Weight and eating concerns among pre- and young adolescent boys and girls

Maryse H. Richards, Regina C. Casper, Reed Larson

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The emergence of weight and eating concerns in pre- and young adolescents and the relations of these concerns to daily experience and psychologic adjustment were investigated. Four hundred eighty-one children from fifth to ninth grades completed a Weight and Eating Concerns Scale, a depression inventory, self-esteem and body image scales, and reported their daily experiences by the Experience Sampling Method. Girls tended to report more weight and eating concerns than boys. This discrepancy increased with age. In older girls (eighth and ninth graders) extreme weight and eating concerns were associated with other signs of emotional maladjustment. Girls who experience emotional distress may try to compensate for the strain by controlling body shape and in doing so, may place themselves at risk for developing an eating disorder. Boys currently appear to be protected from this difficulty. Our findings suggest that excessive weight and eating concerns in young adolescent girls signal psychologic maladjustment which may require attention.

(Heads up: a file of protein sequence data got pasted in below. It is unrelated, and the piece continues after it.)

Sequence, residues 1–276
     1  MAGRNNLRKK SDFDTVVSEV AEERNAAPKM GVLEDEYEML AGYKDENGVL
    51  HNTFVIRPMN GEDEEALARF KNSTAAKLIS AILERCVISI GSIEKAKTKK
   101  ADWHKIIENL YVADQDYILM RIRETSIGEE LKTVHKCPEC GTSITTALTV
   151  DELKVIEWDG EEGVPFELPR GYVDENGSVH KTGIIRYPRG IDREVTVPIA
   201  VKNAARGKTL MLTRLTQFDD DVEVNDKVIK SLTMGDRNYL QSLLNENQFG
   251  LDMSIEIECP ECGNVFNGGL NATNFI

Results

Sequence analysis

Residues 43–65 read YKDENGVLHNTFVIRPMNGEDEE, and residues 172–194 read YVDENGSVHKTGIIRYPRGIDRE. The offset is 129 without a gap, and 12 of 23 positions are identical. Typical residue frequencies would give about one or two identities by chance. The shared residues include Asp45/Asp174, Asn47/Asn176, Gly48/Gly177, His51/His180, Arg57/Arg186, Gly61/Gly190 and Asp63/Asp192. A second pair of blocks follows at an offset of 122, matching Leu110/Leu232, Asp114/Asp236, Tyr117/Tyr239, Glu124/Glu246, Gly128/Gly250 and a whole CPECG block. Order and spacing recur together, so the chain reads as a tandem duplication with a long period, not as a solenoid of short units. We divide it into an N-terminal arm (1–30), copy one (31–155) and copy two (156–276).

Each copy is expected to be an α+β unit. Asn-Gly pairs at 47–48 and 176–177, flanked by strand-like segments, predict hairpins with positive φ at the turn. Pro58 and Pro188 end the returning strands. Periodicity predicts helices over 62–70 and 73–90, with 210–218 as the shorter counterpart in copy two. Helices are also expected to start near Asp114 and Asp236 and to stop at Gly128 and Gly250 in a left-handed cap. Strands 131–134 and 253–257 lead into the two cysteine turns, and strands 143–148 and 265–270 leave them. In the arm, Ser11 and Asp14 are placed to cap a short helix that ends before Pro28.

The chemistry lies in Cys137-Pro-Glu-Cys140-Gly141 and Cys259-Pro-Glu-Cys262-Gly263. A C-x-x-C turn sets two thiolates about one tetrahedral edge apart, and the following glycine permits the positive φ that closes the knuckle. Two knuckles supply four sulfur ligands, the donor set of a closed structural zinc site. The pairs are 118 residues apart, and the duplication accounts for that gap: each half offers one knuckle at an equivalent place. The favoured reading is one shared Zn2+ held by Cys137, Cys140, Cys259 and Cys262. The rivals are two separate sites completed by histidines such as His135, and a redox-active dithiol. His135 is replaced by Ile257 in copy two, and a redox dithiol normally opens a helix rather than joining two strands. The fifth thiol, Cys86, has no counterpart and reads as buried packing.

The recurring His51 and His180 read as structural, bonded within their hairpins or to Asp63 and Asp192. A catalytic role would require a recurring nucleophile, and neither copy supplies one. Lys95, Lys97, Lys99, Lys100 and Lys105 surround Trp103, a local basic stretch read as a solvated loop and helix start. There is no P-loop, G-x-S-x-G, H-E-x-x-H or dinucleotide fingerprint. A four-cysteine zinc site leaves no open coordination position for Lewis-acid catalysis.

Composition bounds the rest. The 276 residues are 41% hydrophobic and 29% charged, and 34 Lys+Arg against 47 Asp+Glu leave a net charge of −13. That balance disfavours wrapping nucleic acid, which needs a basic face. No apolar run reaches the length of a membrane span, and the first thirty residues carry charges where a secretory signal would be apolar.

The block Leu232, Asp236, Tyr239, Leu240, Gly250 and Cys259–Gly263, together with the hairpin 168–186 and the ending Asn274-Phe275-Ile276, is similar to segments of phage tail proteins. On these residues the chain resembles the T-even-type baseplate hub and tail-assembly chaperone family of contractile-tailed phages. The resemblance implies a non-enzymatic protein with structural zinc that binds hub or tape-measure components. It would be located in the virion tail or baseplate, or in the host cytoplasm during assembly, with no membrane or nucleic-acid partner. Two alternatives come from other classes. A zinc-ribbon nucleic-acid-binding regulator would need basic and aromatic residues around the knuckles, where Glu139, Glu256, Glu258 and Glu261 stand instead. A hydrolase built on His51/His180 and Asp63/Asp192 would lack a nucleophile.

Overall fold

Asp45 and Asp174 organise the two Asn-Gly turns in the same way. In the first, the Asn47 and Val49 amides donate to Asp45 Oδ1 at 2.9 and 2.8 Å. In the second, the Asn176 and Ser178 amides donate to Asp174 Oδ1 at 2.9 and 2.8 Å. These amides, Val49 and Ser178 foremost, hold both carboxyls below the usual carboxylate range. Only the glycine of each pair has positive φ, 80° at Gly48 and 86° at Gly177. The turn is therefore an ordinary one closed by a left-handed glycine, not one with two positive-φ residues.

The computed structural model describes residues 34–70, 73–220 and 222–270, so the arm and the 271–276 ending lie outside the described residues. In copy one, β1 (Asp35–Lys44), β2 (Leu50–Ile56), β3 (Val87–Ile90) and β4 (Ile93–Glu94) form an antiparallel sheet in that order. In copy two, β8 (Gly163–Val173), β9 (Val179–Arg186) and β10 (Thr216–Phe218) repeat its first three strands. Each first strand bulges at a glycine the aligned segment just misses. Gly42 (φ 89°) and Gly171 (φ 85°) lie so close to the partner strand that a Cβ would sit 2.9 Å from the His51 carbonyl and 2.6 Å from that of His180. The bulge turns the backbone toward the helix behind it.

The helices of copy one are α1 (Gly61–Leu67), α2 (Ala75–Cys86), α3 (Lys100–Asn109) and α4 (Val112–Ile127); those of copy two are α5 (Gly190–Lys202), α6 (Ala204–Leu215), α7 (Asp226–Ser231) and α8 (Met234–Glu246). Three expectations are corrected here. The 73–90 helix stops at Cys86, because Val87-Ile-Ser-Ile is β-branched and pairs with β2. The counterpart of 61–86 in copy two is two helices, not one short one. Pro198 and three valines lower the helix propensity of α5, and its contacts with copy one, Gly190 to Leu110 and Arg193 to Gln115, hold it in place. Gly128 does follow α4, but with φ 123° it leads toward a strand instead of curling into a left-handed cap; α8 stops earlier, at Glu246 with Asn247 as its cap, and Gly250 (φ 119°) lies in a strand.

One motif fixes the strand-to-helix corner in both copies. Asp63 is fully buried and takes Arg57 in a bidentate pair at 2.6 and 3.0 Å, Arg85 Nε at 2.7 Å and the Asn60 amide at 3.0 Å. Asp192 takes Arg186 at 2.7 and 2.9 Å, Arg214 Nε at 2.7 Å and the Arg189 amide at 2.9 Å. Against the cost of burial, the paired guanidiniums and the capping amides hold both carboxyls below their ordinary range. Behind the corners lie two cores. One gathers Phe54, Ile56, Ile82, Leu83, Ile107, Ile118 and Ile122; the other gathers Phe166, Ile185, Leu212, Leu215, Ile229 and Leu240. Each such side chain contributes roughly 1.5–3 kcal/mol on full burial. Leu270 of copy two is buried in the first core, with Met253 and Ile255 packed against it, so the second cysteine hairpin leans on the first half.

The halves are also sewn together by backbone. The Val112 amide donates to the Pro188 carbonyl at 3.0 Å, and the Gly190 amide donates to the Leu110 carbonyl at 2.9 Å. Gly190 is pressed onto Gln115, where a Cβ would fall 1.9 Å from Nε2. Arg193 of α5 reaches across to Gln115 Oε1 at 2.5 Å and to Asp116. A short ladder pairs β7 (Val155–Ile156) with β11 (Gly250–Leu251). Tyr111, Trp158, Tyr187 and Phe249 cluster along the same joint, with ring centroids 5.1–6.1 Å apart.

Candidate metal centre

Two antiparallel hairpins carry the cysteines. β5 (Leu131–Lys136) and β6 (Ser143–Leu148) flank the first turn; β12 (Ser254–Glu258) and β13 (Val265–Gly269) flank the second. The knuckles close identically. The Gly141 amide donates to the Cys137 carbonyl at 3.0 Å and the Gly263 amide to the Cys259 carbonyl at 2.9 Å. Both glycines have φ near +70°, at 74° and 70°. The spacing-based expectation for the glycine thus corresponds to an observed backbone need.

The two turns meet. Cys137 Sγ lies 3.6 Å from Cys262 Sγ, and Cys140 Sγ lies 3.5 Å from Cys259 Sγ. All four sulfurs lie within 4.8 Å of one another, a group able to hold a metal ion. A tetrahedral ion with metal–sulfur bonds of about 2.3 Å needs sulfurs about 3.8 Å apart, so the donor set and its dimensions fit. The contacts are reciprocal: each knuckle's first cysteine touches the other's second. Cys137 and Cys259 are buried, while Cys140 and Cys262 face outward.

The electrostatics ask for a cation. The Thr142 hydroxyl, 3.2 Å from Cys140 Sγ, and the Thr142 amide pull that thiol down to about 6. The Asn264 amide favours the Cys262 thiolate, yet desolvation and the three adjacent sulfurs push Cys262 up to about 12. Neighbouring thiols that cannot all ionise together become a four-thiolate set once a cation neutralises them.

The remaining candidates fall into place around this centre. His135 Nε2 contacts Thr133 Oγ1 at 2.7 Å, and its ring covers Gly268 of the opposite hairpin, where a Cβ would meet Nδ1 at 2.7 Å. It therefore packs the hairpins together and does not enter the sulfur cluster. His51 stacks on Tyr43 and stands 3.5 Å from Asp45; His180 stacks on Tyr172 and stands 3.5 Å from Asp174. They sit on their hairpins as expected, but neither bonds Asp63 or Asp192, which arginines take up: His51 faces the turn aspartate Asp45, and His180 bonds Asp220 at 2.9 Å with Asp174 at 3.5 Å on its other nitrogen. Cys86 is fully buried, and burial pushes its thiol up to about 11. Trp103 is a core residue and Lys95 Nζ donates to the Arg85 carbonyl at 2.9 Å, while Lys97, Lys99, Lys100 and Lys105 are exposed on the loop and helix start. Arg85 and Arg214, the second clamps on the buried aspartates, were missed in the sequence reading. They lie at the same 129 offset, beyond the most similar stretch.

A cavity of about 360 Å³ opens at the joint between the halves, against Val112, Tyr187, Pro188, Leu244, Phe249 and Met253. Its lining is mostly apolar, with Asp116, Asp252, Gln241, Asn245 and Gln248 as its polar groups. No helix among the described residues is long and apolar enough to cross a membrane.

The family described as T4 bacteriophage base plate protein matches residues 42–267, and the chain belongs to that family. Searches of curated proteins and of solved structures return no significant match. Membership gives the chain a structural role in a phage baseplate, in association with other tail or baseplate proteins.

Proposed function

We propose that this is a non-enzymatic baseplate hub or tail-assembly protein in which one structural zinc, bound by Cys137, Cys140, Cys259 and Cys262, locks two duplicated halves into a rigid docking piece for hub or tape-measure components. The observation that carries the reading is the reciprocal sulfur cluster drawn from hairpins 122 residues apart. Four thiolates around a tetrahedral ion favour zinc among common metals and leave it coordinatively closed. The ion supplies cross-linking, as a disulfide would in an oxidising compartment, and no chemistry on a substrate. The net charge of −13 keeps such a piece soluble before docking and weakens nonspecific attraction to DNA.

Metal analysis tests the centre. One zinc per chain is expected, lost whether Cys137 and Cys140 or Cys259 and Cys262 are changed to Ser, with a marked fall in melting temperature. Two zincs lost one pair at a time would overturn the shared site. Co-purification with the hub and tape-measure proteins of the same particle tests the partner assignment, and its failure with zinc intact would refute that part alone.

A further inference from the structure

Original languageEnglish (US)
Pages (from-to)203-209
Number of pages7
JournalJournal of Adolescent Health Care
Issue number3
StatePublished - May 1990


  • Eating disorders Anorexia Bulimia

ASJC Scopus subject areas

  • Pediatrics, Perinatology, and Child Health
  • Public Health, Environmental and Occupational Health


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